Positive outlook for meat industry

July 14, 2008

ANZCO Foods chairman Graeme Harrison is confident that the meat industry has a positive future.

He said the industry is not broke and farmers should take a “level headed” approach to its future – because it does have a good future. 

ANZCO, a 24-year-old private company, is the fourth biggest player in the New Zealand sheepmeat market and the second biggest in the beef and veal markets.

It has in the last three years invested $125 million in new plants and upgrades and in food manufacturing expansion, says Harrison, a significant individual shareholder.

“We wouldn’t be making these investments if we didn’t think there was a good future for the business.”

By way of example Harrison says ANZCO has only recorded one loss in its 24 year history – in 1998 – “because of an investment outside New Zealand”.

“I’m sick and tired of all the negative publicity about where the meat industry is…. I’ve got confidence so producers should be taking a very level-headed view of this (debate) instead of being carried away with all the negative publicity.”

When prices are low, costs are rising and balance sheets in the red, it is easy to become pessamistic but I agree that the industry has a bright future.

Harrison says this was the message he gave a recent gathering of producers for ANZCO’s CMP business and he wants to repeat it to all meat growers as they debate the future of their industry.

“The problem sector in the meat industry is lamb and it’s in the South Island because of competition for land use (dairying).

” We have an industry with four players, all with about the same financial strength. Forget about sales turnover and market share … what you actually have is declining livestock numbers and supply is the key to this business. Where companies are similarly resourced clearly you are going to have severe competition. The long and the short of it is, some fallout is going to occur. What we have is livestock supply eroding in sheepmeat at a rate we haven’t seen since the mid-1980s. So clearly there is going to be change.”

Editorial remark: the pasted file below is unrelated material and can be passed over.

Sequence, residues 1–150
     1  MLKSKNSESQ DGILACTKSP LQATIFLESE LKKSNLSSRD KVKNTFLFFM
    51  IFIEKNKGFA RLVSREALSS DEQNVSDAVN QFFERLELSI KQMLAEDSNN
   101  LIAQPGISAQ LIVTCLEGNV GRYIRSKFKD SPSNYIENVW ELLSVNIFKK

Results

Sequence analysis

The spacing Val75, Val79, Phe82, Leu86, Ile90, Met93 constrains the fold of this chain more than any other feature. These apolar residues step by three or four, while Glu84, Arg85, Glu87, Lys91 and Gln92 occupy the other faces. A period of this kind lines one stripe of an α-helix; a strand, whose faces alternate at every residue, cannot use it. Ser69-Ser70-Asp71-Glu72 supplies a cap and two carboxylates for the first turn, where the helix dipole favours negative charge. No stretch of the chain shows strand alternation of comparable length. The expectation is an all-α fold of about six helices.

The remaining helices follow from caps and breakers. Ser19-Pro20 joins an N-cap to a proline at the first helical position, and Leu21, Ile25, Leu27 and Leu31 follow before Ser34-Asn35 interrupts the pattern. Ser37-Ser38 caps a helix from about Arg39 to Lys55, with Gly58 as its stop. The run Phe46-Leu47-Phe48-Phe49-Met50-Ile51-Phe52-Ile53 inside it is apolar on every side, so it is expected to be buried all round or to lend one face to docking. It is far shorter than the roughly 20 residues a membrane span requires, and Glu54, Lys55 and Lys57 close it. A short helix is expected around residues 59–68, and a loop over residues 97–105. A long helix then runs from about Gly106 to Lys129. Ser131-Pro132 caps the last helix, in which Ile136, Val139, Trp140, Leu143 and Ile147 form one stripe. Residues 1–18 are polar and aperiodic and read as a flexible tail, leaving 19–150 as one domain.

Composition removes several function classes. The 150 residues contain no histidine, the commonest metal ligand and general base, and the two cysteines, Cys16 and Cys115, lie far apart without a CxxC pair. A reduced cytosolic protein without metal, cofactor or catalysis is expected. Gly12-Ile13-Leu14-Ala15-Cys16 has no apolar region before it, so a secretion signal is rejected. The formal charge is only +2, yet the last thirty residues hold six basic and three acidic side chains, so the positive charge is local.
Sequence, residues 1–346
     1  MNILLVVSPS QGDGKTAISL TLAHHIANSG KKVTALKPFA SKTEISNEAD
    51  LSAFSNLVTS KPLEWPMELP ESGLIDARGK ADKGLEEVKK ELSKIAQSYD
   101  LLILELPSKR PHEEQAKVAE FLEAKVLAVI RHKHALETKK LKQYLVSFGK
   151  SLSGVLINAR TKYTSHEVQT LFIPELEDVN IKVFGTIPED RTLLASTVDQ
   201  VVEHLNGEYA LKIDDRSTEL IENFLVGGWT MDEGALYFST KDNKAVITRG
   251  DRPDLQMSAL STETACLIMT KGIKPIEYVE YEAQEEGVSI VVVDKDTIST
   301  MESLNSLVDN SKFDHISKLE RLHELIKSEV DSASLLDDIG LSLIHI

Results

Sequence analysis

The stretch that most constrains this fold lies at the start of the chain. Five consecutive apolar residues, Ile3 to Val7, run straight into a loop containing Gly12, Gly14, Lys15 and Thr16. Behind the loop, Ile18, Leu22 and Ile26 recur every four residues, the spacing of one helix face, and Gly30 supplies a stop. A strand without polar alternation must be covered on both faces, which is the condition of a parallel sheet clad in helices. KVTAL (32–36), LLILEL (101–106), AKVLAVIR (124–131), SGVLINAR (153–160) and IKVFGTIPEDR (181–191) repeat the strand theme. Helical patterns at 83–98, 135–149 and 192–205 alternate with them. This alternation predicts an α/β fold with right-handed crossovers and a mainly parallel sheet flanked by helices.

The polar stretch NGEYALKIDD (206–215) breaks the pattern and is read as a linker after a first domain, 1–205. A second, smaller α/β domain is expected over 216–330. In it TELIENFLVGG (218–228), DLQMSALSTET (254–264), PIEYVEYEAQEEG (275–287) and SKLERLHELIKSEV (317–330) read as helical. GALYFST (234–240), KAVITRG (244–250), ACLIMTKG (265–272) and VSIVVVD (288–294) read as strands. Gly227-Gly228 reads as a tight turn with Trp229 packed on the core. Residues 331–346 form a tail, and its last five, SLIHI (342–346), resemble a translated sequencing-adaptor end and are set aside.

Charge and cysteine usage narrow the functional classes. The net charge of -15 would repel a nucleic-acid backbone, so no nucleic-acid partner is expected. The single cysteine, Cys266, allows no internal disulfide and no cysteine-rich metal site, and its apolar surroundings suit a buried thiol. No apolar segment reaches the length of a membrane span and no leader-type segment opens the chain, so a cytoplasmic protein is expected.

Harrison says market forces are at work and farmers are responding to them. The biggest market force is the dairy boom.

“It’s the biggest boom in New Zealand agriculture since the early 1950s.(when dairying converted to sheep, particularly in mid-Canterbury and Southland). We’ve got a reverse of that now but on a bigger scale. Good mixed farming areas are going into dairying and the reason is comparative profitability.

“There’s nothing new about this…but extraordinary things happen in those environments. I’ve been trying to make the point that the meat industry is not broke. There’s been far too much talk about this, though it is true that financial rewards have been poor in the last four years.

“Sooner or later when you have poor returns there will be an effort to rationalise.”

If we still had subsidies we’d probably still have 60 million sheep and a mountain of lamb and mutton deteriorating in freezers. Instead we now have fewer than 40 million sheep and farmers are looking at their options and making rational business decisions based on the markets. Some are persuaded by dairy returns to convert their farms to dairying or dairy support. Others who don’t want to do that are looking at the positive impact dairy prices are having on their own land and selling.  Some still belive there is a future in sheep and beef, which of course there is.

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